Stupid Question ™
Feb. 8, 2001
By John Ruch
Q: Are Satanic churches eligible for President Bush’s plan for funding the social programs of religious groups?
—Grande Beaver of Compton
A: While it’s too early to tell, Satanists had better be eligible, if the Faith-Based Initiative intends to withstand a First Amendment challenge.
It may also be a moot point, since Satanism is not known for its social services. But similar eligibility questions have been raised over the Nation of Islam and the Church of Scientology—questions the White House has dodged, and which highlight the concerns of many constitutional scholars and religious-freedom groups.
President Bush’s proposal calls for spending unspecified “billions” of dollars on funding religious and secular non-governmental social programs over the next 10 years, and broadening tax deductions for charitable donations to them. He has also established a new White House office to help such groups get funding, and to inspire similar programs in each state.
Bush has said that religious groups would compete for funding solely on the effectiveness of their programs. The particular faith, or even “no faith at all,” wouldn’t matter. Also, the groups would be barred from direct proselytizing in the programs.
However, most of Bush’s language, and the fundamental charitable notions underlying the program, are biased toward Judeo-Christian ideals and concepts. And the previous programs that inspired Bush were created by conservative Christians with overt Christian language.
One was the “Charitable Choice” provision of the 1996 welfare-reform bill, which created vouchers for religious programs that are allowed to openly proselytize. The other is Bush’s own Faith in Action program in Texas, which ran into at least one legal controversy over an unpopular religious group gaining a program grant.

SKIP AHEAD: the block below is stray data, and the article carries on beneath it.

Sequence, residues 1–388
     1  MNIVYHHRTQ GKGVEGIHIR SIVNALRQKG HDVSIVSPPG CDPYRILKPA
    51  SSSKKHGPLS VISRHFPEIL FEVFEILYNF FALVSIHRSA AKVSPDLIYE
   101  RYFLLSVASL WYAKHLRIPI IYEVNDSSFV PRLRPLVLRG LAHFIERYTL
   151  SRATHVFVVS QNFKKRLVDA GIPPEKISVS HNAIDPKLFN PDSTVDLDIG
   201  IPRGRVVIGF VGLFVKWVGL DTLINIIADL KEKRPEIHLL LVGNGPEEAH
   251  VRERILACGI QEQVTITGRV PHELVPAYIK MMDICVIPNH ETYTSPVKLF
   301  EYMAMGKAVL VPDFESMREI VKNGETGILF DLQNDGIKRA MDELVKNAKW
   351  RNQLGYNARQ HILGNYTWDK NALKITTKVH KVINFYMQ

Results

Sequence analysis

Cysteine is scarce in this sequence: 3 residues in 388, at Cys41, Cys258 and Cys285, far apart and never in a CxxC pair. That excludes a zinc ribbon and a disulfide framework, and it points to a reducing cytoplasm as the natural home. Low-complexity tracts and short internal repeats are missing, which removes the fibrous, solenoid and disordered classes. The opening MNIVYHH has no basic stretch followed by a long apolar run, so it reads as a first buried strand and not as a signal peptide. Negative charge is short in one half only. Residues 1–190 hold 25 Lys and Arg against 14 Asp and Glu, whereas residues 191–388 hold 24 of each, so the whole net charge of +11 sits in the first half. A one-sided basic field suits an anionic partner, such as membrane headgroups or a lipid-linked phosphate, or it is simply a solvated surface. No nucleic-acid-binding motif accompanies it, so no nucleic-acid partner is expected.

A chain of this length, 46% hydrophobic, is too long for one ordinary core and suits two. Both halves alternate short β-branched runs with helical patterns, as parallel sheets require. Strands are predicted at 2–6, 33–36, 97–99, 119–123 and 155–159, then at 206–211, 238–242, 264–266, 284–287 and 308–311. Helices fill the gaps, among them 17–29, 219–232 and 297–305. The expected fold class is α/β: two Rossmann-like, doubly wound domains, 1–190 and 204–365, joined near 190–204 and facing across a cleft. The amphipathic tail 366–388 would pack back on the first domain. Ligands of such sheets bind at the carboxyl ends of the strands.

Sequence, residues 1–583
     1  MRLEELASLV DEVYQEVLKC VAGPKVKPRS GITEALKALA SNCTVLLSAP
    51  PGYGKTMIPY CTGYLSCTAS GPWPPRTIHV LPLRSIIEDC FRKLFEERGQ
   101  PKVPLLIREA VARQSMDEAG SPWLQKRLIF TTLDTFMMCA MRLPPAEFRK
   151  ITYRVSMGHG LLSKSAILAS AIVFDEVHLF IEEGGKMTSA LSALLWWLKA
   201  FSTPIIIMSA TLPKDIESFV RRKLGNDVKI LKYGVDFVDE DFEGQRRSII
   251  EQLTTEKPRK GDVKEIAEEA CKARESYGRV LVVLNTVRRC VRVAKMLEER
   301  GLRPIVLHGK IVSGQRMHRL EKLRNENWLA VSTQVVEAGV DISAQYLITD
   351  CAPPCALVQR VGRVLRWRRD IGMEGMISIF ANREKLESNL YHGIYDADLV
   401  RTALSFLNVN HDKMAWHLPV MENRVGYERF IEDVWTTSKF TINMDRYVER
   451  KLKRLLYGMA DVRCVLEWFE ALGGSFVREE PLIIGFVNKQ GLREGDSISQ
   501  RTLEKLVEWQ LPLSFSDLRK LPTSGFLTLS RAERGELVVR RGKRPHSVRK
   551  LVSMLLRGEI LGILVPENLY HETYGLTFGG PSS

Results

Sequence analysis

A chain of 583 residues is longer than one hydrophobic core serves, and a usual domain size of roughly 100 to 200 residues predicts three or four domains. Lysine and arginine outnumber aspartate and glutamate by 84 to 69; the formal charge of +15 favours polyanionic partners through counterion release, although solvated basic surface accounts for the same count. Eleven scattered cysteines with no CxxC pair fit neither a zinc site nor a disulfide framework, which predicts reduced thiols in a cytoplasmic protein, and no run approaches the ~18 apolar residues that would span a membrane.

Bush only announced his federal proposal about 10 days ago, and it’s still vague, especially in terms of eligibility standards.
It’s likely that the main standard will be tax-exempt status. At least one quasi-Satanic group, the Temple of Set, has this status. Satanism is also officially recognized by the US Army Chaplain’s Manual.
But no major Satanic group offers a social service program. Satanism’s main tenets involve self-interest and individuality, and there is little group activity.
Even if Satanists did run soup kitchens, it’s unlikely they’d accept federal funds. The original Church of Satan in San Francisco said it opposes “government assistance” of religion of any kind, which is why it has never applied for tax exemption.
“We oppose the very idea that the government should offer funds derived from taxpayers to any religious groups,” said a Church of Satan spokesperson, adding that the “ostensible charitable efforts” of Christianity and Islam are largely motivated by the urge to proselytize.
Of the many questions hanging over implementation of Bush’s proposal, the Satanism issue highlights perhaps the largest one: Is it right to ask taxpayers—including those who belong to the Church of Satan—to support the programs of religions they find odious?